"Some clubs are below 50 per cent of football department spend which goes to players," Finnis said.

"The trend is a decline of about 2 per cent or 2-and-a-bit per year, an across the board decline.

"Clearly there needs to be change, because if the current trends continue, you are going to have some serious issues to deal with down the track in relation to the labour market restraints such as the draft and the salary cap which the industry has relied upon, as ceasing to be valid because players get drafted to clubs and they have a dis-equal opportunity for success.

"It is a fact that the players in good conscience couldn't continue to support a salary cap in a context where you've got such a perverse economic outcome occurring.

"There are a number of objectives through this whole equalisation process - which significantly includes the profitability of all clubs - but a critical piece is that the industry seeks to preserve the integrity of the salary cap, if indeed the industry wants to continue to have it."

The cap on player pay in 2013 was $9.14 million and rises to $9.6 million this year.

Several clubs - headed by Collingwood at $22.5 million - spent more than $20 million on football expenses last season.

Finnis was on the AFL's equalisation fact-finding mission to the US last year and said he had concluded that a combination of levers had to be pulled to arrest spending.

He said some equalisation mechanisms could be used to fund pay increases for players without adding to the burden of poorer clubs.

"You can look club revenue - and you can say what they do in the States is look at all the revenue generated by the teams as opposed to revenue from the AFL for example and say every team will have to pool a certain percentage of those revenues and then everyone takes out a 1/18th share," Finnis said.

"What that gives you is net contributors and net receivers.

"What we say is the amount of money that you provide to the net receivers is used to increase the salary cap.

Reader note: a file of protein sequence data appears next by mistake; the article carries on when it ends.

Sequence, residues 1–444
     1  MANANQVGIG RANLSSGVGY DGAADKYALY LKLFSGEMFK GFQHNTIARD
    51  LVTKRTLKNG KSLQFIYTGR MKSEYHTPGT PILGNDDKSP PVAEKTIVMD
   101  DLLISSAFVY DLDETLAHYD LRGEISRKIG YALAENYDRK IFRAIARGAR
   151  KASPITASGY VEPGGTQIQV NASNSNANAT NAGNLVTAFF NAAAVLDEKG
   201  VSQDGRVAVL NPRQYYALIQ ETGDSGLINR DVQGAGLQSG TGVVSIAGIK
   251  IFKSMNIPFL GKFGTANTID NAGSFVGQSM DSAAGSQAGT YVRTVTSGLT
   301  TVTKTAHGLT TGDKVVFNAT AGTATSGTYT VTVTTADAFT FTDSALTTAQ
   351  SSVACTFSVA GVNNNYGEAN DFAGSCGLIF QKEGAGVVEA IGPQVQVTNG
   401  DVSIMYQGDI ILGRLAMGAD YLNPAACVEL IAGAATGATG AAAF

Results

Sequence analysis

"What you are then doing is actually funding the salary cap increase for the teams that need it to be funded, but not funding those increases for the teams that can afford to spend it themselves.

"So that applies a break on this arms race in the football spend.

"If you had a view that if you wanted to keep attacking football spend, you can pull a second lever - which is your football expenditure lever, that's where you hear us talk about a luxury tax.

"We think that is a natural lever to pull, but we would prioritise the revenue lever as the first one, but then bring that expenditure lever as well.

"And then the third lever is the AFL distributions ... increasing the proportion of money which goes to the clubs dis-equally."


In place now


The AFL sets a limit on total player payments


Works basically in reverse ladder order, aimed at ensuring the best players end up at teams with greatest need


The league gives financially struggling teams extra funding from the $144 million club future fund it introduced in 2011. From this year, the amount and purpose of that funding will be disclosed to the other clubs

What could be done


A percentage of all clubs' non-AFL revenue such as gate receipts and membership is pooled. Each club then takes a 1/18th share. Used in the NBA and NFL


The AFL has investigated what amount clubs need to spend on football to be competitive. It could fund financially smaller clubs to this level from the club future fund


The AFL could impose a salary-cap style limit on football department spending. Has not received support from clubs and would be difficult to police


Imposed on football department spending above a certain amount, with the proceeds fed into a revenue sharing mechanism

Read more: http://www.heraldsun.com.au/sport/afl/aflpa-boss-matt-finnis-warns-the-rise-in-cash-spent-on-football-departments-could-kill-the-salary-cap/story-fni5ezdm-1226811512439#ixzz2repK9Emz

At the risk of repeating myself…Matt Finnis would have to be the biggest tool in football. This is so agenda driven it’s sickening.

1 Like

Why should we have to contribute financial support to a basketcase club like footscray and north melbourne?

So Finnis is arguing that Collingwood only spent 33% of its football spendings on its players and they deserve more?


Did they factor in that in Baseball and Basketball the teams are given the option of actually auctioning off their TV rights on there own or letting the league do it.


Why should there be equalisation off the field when there isn't any on the field? Does this also mean that Sydney will lose their salary cap allowance?